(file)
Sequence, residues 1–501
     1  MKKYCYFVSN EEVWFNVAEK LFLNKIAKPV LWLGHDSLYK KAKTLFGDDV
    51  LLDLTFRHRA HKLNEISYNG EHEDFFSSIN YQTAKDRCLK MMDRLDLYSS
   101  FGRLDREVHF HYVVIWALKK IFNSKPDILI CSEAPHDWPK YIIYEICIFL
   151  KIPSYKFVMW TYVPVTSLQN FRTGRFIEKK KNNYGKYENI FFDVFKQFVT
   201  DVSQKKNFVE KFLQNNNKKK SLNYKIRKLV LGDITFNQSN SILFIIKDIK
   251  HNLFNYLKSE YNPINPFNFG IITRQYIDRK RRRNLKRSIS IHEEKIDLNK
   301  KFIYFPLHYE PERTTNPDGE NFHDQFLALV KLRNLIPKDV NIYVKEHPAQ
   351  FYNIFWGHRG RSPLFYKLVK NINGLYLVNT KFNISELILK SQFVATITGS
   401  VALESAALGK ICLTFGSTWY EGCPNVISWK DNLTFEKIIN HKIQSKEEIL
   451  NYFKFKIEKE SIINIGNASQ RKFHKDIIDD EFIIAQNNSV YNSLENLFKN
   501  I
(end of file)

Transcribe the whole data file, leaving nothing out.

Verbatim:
Sequence, residues 1–501
     1  MKKYCYFVSN EEVWFNVAEK LFLNKIAKPV LWLGHDSLYK KAKTLFGDDV
    51  LLDLTFRHRA HKLNEISYNG EHEDFFSSIN YQTAKDRCLK MMDRLDLYSS
   101  FGRLDREVHF HYVVIWALKK IFNSKPDILI CSEAPHDWPK YIIYEICIFL
   151  KIPSYKFVMW TYVPVTSLQN FRTGRFIEKK KNNYGKYENI FFDVFKQFVT
   201  DVSQKKNFVE KFLQNNNKKK SLNYKIRKLV LGDITFNQSN SILFIIKDIK
   251  HNLFNYLKSE YNPINPFNFG IITRQYIDRK RRRNLKRSIS IHEEKIDLNK
   301  KFIYFPLHYE PERTTNPDGE NFHDQFLALV KLRNLIPKDV NIYVKEHPAQ
   351  FYNIFWGHRG RSPLFYKLVK NINGLYLVNT KFNISELILK SQFVATITGS
   401  VALESAALGK ICLTFGSTWY EGCPNVISWK DNLTFEKIIN HKIQSKEEIL
   451  NYFKFKIEKE SIINIGNASQ RKFHKDIIDD EFIIAQNNSV YNSLENLFKN
   501  I